Formal FDA rules could take years, Cowen analyst Vivien Azer said in a Monday morning note. So companies like CV Sciences asked the agency to delineate regulatory “swim lanes” that would allow CBD in foods and supplements, under existing rules, without the onerous approvals required for drugs.
“Industry presenters and regulators seem to be aligned in the need for a formal regulatory framework,” Azer wrote.
PHOENIX (FOX 10) – It is now officially legal for farmers to grow hemp in the state of Arizona.
The Arizona Hemp Program, which launched Saturday, falls under the jurisdiction of the state’s agriculture department. The program allows hemp to be used to manufacture products and allows them to be shipped across state lines.
Summer is the best time to grow the product and many believe Arizona is the best place to grow hemp. One farmer we spoke with says he’s been in the farming industry his entire life, devoting at least three acres to test the waters. J.L. Echeverria has been growing cotton, alfalfa, grains, barley and more. While he won’t be going all in, he’ll start small.
“We’re very excited about this crop since it’s new and the price of seed is significantly higher,” Echeverria said. “So we want to take it slow and ease into it.”
Right now, hemp is a very lucrative industry. Many farmers in the state are heading in the same direction – jumping on board to grow the crop.
“It looks like there’s a lot of potential in the hemp,” Echeverria said. “The numbers that are being talked about right now are significantly greater than this alfalfa and cotton game we’ve been playing forever. It’s exciting to be on the front end of something – kind of like a pioneer – people that came before. I think it’s a crop that’s going to fit well for our weather, water, and soil types.”
Those on board want to remind people that while hemp does come from the cannabis plant, it doesn’t get you high like marijuana. Hemp is a natural anti-inflammatory which reduces anxiety and pain – it’s commonly used to make CBD oils. THC concentration cannot be more than three-tenths of a percent for the hemp to remain legal.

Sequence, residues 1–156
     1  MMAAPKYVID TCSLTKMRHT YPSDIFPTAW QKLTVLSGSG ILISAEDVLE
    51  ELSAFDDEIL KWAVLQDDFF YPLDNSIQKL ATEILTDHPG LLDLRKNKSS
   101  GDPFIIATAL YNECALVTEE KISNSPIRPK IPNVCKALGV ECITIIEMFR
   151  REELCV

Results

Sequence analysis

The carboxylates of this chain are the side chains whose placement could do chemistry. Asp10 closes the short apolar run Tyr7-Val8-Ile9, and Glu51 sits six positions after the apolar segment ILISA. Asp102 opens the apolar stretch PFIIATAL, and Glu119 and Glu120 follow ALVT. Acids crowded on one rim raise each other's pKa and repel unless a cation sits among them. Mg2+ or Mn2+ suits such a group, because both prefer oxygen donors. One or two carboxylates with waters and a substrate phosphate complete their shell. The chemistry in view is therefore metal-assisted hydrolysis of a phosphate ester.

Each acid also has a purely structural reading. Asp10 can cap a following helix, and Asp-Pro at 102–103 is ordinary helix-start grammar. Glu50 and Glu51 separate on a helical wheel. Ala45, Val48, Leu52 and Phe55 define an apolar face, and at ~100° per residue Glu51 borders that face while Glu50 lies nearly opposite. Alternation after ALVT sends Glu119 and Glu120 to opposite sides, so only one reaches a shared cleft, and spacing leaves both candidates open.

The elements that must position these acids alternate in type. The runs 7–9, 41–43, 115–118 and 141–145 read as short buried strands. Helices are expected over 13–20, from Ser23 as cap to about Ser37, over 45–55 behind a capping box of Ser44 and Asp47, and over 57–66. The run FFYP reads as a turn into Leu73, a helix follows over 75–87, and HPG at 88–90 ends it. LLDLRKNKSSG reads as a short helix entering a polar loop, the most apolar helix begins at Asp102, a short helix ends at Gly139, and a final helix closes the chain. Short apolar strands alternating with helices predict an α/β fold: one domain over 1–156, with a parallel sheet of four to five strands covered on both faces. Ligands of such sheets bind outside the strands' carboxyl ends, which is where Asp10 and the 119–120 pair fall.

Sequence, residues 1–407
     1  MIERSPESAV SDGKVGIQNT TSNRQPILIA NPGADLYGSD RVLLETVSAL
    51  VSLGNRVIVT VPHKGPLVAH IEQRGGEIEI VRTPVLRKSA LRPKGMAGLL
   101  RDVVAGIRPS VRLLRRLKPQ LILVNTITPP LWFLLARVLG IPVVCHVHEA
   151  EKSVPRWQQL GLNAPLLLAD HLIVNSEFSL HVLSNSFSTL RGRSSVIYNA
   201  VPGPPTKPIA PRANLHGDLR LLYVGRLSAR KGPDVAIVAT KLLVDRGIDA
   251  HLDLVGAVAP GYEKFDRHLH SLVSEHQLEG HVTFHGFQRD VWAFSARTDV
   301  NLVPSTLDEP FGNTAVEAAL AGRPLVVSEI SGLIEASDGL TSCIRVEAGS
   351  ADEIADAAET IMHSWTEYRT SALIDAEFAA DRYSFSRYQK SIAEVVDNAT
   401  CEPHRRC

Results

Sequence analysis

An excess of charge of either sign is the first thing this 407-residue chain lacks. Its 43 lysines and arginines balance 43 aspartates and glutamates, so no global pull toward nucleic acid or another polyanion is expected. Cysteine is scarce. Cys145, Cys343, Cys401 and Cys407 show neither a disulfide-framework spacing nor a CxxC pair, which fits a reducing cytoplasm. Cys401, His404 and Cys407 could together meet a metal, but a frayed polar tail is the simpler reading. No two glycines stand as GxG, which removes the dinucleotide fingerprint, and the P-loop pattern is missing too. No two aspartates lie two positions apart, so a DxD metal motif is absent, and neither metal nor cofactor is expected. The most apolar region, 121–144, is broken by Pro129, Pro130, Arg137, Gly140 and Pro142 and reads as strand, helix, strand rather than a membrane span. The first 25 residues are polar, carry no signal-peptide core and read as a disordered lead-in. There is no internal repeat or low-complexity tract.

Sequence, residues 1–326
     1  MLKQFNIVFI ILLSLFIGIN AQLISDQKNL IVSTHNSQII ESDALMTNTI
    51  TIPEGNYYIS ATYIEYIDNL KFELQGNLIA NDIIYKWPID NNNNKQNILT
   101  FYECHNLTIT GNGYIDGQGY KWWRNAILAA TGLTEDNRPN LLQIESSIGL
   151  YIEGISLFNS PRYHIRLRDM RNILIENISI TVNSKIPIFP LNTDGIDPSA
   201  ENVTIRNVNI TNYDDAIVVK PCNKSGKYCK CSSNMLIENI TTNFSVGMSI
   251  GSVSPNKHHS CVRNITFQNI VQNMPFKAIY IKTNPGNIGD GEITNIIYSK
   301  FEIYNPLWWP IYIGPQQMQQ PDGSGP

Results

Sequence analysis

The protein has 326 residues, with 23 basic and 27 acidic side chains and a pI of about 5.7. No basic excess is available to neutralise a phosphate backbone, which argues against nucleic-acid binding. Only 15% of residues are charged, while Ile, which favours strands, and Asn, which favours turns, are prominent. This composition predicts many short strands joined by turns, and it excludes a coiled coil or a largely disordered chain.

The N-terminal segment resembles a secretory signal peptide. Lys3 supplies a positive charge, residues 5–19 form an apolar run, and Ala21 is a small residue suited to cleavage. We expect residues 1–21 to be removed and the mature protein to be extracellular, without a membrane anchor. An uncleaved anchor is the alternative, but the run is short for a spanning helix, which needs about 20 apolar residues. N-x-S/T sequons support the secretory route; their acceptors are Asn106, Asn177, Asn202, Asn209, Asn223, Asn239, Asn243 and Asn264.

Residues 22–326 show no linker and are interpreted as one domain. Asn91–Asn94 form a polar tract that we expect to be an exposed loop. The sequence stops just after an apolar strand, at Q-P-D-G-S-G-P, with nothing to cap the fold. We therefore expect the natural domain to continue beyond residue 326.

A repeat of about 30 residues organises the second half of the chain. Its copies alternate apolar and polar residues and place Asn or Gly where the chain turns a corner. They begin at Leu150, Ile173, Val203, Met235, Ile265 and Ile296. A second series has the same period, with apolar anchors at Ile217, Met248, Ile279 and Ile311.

Arizona is among the handful of states joining the lucrative hemp industry. More than 200 people have applied for licenses across the state.
“We think in the first few years out here in Arizona, most hemp will probably be grown for CBD oils,” said Sully Sullivan. “The CBD industry is huge right now – it’s over a $1 billion industry and it’s expected to grow twentyfold to $20 billion by 2020.”
But there is still a taboo about hemp to many because several people don’t know the difference between hemp and marijuana. While they derive from the cannabis plant, hemp will not get you high like marijuana. Why? Because of the THC levels.
“Hemp is defined as the cannabis plant below 0.3 percent THC – anything above is considered marijuana,” Sullivan said. “Hemp and CBD [are great alternatives] for what where they can receive the healing properties of the plant without having a narcotic effect.”
The department described how U.S hemp farmers can legally import hemp seed from Canada and elsewhere.
While the roll-out of hemp regulations in the wake of the 2018 Farm Bill is continuing in fits and starts, the U.S. Department of Agriculture did open the door to hemp seed imports.
Jessica Wasserman, a partner in Greenspoon Marder’s cannabis law practice, tells Cannabis Business Times that it’s a welcome development for U.S. farmers eager to get to work. “The farmers have been pushing for this, definitely, because they need more seed,” she says. “Canada has been active longer than the U.S. and has good seed stock that the farm community very much wanted.”
Hemp seed may be imported from Canada with the following accompaniments: a phytosanitary certification from Canada’s national plant protection organization (“to verify the origin of the seed and confirm that no plant pests are detected”) and a Federal Seed Analysis Certificate for hemp seeds grown in Canada.
U.S. farmers may also source and import hemp seed from other countries, of course; those seed packages must also be tagged with the phytosanitary certification of whichever state agency heads up plant protection in a given country.
All hemp seed imports remain subject to inspection by U.S. Customs and Border Protection (CBP). That’s where the issue gets into less clear territory.
“[This guidance] does not at all help on any of the importation or trade or interstate commerce issues arising from the whole question about 0.3-percent THC by dry weight,” Wasserman says, referring to the legal threshold at which point a cannabis plant is known as “hemp” (under 0.3-percent THC content) or, in some jurisdictions, “marijuana.”
“Hemp seeds have zero THC—and zero CBD, for that matter,” Wasserman says. “This didn’t require any DEA input, necessarily.”
The 2018 Farm Bill removed hemp from the U.S. list of schedule substances (it had been on Schedule I, along with marijuana). But the bill did not remove any hemp-derived cannabinoids from the list of Schedule-I substances.